Roughly 64% of U.S. households have responded to the 2020 census as of August 14, according to the Census Bureau. As the agency follows up with nonrespondents until September 30, homeowners associations can play an important role by allowing access to census takers to make sure all residents are counted.
Census takers started going door to door to collect responses in mid-July and were instructed to wear protective gear, practice social distancing, and follow public health guidelines to minimize the spread of COVID-19. Board members and community managers can encourage residents to fill out the 2020 census questionnaire online, by phone, or by mail to reduce the likelihood of in-person follow-up.
Associations must allow census takers access to their gated community or condominium to avoid fines. Field workers will have a valid identification badge and may carry bags and other items with the Census Bureau’s logo visible at all times. If no one is home, the census taker will leave information about how to respond to the census or may leave a paper questionnaire in a water-resistant bag.
Data collected in the 2020 census will drive decision-making, political representation, and economic development across the U.S. The results give a detailed statistical view of the demographic makeup of the country and are used to determine the changing needs of communities—making it paramount that an accurate count of each household is achieved.
“Whether or not the data is accurate, real estate developers and policymakers will continue to use census data,” says Olivia Snarski, program manager for local democracy at the National League of Cities, a membership association that advocates for the interests of over 19,000 cities, towns, and villages nationwide. “If they’re basing their decisions on how to develop land and how to build their cities on inaccurate data, that’s going to be poor decision-making for the population that lives there.”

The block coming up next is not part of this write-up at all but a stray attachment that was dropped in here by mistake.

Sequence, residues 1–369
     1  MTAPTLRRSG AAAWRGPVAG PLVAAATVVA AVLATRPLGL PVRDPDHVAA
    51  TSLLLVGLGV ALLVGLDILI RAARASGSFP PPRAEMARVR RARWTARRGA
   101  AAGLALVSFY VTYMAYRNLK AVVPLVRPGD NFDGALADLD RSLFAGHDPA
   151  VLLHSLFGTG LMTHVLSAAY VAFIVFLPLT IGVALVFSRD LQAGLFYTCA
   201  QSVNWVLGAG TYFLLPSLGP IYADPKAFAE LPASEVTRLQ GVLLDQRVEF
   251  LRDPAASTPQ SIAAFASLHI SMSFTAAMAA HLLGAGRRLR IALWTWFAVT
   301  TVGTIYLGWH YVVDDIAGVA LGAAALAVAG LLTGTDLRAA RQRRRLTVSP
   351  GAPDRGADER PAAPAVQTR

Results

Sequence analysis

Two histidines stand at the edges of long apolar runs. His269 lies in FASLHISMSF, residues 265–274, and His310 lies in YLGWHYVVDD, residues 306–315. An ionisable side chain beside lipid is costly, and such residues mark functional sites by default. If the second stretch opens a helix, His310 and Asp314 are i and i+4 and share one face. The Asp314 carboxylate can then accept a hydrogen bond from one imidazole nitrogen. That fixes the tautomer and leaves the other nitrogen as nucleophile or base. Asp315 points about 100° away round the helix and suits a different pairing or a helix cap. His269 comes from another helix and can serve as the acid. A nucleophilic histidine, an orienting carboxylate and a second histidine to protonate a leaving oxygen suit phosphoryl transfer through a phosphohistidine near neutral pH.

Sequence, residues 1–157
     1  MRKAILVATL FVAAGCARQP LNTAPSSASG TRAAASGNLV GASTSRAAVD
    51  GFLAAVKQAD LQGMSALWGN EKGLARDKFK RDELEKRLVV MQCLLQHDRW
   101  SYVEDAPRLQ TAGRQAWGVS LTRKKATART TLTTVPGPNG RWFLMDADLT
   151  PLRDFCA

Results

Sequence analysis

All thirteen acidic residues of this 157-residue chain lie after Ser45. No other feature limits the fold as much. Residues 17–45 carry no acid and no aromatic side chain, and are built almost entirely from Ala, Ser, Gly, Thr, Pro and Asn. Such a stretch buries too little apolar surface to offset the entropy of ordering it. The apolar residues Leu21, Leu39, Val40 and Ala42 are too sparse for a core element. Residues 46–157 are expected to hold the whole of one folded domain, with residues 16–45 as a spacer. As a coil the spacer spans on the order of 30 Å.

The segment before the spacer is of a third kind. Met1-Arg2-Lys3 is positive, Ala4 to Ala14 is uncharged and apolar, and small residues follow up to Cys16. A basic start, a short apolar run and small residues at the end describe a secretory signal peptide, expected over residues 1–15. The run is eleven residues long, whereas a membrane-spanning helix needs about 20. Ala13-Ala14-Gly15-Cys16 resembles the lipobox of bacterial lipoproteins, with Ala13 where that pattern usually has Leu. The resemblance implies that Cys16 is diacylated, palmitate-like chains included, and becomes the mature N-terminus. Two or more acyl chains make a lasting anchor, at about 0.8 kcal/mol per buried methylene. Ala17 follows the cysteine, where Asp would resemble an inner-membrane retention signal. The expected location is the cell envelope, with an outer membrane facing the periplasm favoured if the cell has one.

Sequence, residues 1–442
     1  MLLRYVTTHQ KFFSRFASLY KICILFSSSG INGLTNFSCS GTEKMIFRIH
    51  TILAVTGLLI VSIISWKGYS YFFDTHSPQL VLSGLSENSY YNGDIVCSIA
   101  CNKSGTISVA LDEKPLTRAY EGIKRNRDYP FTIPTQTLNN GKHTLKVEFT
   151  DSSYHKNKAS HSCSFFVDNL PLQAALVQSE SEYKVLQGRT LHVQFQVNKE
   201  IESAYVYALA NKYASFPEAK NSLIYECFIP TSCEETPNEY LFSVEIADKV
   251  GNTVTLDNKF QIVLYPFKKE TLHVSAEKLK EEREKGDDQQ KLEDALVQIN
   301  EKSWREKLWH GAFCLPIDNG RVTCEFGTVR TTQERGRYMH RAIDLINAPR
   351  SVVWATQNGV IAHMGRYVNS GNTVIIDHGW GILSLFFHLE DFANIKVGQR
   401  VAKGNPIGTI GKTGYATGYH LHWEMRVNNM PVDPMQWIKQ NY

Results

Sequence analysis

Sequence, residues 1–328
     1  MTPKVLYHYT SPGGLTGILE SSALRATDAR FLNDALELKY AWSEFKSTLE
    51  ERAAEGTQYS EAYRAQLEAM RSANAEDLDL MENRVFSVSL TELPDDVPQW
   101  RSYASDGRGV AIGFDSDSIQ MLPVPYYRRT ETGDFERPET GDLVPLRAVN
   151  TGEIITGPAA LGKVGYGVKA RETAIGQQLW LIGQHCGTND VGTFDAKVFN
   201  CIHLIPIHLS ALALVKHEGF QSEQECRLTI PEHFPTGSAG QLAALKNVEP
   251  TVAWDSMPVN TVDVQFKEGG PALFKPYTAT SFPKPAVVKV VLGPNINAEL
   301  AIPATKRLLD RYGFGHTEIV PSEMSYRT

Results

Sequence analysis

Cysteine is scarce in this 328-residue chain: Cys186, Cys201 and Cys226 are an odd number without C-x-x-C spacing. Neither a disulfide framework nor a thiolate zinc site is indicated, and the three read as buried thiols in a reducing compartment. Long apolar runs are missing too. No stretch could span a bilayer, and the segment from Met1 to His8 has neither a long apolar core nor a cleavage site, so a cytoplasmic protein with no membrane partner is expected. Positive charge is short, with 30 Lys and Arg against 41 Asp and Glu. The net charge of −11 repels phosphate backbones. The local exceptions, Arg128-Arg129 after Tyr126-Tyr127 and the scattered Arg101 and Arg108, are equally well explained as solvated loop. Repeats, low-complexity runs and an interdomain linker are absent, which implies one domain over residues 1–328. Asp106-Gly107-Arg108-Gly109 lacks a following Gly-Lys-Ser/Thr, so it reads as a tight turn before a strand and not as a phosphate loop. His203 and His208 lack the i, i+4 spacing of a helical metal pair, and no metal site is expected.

Census data also can be used by community associations to decide whether to build or expand amenities and understand the demographic makeup of residents. Jan Porter, general manager at Peccole Ranch Community Master Association in Las Vegas, says that the statistics collected by the decennial census help the community determine which amenities will be the main draw, coordinate activities, and establish programs that maintain residents’ interests and engagement.
“Successful social events build a sense of community, and the census helps us get right to that community spirit,” she says.
Find information on how to respond to the 2020 census, why answers matter, privacy, and security by visiting www.2020census.gov.
HOAresources.com explores questions and comments from community association members living in condominiums, homeowners associations, and housing cooperatives. We then assemble trusted experts to provide practical solutions to your most commonly asked, timely questions. We never use real names, but we always tackle real issues. Have a question or comment about your community association? Submit here for consideration:
Join CAI’s online community for access to the industry’s most in-demand community association resources.
Thousands of your peers are sharing advice.